Session Title: Vasculitis III
Session Type: Abstract Submissions (ACR)
The antineutrophil cytoplasmic autoantibody (ANCA)- associated vasculitides (AAVs) include microscopic polyangiitis (MPA), granulomatosis with polyangitis (GPA; formerly Wegener’s), and eosinophilic granulomatosis with polyangitis (EGPA). These small-vessel vasculitides are characterized by necrotizing inflammation of the vessel wall, particularly affecting small arteries, arterioles, and capillaries in systemic organs, and the kidney is one of the most frequently involved organs. We have already reported that T cells and macrophages appear in the urine of patients with glomerulonephritis, accompanied by active cellular infiltration such as cellular crescent formation and diffuse interstitial cell infiltration, but not in the urine of patients with glomerulonephritis without the active inflammatory lesions. In this study, we examined the correlation between the numbers of urinary inflammatory cells and disease activity in AAVs, and assessed the utility of urinary immune cell analysis.
Thirty patients with AAVs (MPA; n=26, GPA; n=3, EGPA; n=1), who had been referred to Niigata University Hospital between 2004 and 2012, were recruited for this study. The patients were divided into two groups according to clinical renal function (renal involvement (RI) group, n=24); non-renal involvement (non-RI) group, n=6)). Flow-cytometric analysis of urinary inflammatory cells was performed for each subject. Numbers of urinary T cells or macrophages were determined by multiplying the number of viable cells in the gated mononuclear cell region in each sample by the percentage of urinary CD3-positive or CD14-positive cells in the population, respectively. The numbers of urinary CD3-positive cells and CD14-positive cells, laboratory data including the titers of serum ANCA, serum creatinine and C-reactive protein, and the Birmingham vasculitis activity score (BVAS), were examined in each subject, and compared between the RI and non-RI groups. We then examined the correlations between the numbers of CD3-positive or CD-14-positive cells and laboratory data and BVAS by Spearman’s rank correlation coefficient in all subjects.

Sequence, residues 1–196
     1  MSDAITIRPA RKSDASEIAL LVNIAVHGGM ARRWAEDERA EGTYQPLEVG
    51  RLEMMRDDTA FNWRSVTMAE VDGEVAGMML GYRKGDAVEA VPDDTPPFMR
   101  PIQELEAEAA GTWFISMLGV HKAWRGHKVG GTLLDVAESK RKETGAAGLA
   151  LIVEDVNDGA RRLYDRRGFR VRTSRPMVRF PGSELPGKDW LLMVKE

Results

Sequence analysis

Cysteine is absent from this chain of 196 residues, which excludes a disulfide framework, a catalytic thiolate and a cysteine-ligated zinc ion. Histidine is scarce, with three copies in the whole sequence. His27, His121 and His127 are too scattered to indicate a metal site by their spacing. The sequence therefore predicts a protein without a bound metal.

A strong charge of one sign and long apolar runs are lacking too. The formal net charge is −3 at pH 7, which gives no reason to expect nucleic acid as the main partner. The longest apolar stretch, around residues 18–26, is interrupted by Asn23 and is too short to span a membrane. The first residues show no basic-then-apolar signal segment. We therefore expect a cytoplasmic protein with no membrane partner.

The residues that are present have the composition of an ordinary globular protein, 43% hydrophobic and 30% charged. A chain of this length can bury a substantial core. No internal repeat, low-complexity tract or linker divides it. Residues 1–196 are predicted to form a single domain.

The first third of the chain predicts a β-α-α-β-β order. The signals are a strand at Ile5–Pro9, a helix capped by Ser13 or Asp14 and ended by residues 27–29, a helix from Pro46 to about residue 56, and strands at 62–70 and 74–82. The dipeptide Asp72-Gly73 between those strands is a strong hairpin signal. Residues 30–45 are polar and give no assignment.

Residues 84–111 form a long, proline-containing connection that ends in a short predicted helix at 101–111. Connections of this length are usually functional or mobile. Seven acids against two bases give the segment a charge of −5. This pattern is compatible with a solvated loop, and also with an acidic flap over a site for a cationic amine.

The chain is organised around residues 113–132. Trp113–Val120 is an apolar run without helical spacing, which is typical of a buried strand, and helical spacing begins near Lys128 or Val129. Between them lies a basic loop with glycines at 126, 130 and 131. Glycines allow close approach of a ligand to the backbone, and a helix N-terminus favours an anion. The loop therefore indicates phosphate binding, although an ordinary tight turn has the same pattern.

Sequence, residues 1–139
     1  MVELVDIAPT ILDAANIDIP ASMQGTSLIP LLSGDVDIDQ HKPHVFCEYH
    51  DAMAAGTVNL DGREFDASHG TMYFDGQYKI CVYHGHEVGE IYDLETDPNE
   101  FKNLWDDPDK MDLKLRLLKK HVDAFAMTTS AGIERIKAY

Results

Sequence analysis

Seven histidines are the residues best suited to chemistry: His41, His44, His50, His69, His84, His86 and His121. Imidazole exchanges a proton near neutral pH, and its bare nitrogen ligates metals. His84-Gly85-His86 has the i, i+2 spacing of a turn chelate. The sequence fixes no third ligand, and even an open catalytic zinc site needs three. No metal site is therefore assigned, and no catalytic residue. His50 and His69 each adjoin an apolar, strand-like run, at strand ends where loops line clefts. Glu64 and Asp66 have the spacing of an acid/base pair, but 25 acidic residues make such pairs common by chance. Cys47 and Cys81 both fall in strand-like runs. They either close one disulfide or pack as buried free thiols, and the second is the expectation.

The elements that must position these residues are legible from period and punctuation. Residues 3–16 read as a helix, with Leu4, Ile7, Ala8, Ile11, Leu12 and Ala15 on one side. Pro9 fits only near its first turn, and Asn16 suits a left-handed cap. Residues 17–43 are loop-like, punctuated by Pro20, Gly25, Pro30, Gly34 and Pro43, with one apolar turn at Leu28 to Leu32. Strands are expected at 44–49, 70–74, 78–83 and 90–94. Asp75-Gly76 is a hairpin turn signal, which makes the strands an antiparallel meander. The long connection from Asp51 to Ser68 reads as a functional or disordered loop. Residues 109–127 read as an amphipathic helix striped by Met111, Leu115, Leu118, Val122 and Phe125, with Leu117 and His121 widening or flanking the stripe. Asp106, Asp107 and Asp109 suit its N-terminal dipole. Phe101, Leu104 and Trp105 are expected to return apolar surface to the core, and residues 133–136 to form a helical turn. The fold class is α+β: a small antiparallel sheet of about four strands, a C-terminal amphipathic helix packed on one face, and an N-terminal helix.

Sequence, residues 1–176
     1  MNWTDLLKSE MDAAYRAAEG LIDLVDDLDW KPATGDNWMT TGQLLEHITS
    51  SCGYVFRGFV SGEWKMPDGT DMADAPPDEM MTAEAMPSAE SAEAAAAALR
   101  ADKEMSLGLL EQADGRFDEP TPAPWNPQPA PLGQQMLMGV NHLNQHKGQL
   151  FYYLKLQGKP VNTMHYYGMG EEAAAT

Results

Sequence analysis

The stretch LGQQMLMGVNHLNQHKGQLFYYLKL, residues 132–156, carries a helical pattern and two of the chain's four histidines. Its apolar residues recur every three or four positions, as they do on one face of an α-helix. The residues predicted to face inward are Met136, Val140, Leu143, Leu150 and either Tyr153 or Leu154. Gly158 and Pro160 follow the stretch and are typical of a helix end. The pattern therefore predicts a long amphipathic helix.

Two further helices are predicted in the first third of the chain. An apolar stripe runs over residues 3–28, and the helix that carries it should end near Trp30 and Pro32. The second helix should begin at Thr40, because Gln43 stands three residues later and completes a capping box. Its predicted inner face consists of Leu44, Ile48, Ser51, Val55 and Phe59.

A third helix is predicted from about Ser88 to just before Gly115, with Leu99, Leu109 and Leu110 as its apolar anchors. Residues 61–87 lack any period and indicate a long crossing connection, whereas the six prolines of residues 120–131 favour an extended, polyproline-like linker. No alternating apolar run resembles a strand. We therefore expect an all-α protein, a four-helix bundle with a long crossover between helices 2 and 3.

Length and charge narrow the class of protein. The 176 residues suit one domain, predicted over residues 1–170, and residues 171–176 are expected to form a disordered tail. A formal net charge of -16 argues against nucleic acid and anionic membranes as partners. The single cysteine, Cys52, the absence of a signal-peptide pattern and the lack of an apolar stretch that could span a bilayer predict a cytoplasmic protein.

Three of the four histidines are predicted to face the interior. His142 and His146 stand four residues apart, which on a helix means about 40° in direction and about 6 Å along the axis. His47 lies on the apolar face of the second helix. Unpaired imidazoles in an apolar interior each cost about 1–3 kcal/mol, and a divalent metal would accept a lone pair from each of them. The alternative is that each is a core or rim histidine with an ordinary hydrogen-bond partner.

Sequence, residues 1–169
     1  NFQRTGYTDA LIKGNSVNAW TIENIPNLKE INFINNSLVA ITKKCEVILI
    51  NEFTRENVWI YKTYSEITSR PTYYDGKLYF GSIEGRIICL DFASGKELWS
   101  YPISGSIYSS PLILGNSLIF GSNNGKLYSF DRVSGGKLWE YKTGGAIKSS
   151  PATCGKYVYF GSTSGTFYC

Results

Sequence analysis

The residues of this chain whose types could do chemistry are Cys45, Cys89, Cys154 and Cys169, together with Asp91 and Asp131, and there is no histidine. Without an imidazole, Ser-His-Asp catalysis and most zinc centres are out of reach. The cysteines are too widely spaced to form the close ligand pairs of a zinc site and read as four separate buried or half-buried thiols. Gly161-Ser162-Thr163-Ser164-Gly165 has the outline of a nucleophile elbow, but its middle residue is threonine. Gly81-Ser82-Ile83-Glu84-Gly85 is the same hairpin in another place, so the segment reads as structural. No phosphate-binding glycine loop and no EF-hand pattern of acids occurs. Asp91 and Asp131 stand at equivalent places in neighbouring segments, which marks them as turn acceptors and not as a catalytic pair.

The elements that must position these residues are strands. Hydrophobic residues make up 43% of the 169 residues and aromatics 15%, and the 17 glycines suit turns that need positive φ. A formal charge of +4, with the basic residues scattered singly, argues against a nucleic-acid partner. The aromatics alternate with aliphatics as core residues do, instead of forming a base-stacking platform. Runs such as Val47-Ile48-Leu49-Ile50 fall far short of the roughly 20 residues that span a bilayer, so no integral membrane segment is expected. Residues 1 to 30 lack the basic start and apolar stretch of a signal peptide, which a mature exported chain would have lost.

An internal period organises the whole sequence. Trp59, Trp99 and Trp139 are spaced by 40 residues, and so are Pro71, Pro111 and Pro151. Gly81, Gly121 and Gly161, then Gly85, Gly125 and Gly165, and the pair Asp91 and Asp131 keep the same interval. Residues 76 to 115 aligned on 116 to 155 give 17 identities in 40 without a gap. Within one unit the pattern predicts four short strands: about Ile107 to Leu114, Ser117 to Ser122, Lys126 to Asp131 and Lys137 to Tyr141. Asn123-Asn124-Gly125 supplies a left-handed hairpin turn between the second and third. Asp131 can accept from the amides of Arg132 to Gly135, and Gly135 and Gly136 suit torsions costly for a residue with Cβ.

The total numbers of urinary CD3-positive cells and CD14-positive cells were significantly elevated (>120/ml urine) in all patients in the RI group and 5 of 6 patients in the non-RI group. The number of urinary CD3-positive cells was positively correlated with the titer of serum ANCA (r=0.41, p=0.02) and BVAS (r=0.38, p=0.038), while the number of urinary CD14-positive cells was positively correlated with serum Cr (r=0.38, p=0.038) and negatively correlated with eGFR (r=-0.38, p=0.03).
These results indicate the usefulness of urinary immune cell analysis for assessment of both kidney function and disease activity in patients with AAVs.
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ACR Meeting Abstracts - https://acrabstracts.org/abstract/urinary-inflammatory-cells-strongly-reflect-the-disease-activity-and-renal-function-in-antineutrophil-cytoplasmic-autoantibody-associated-vasculitis/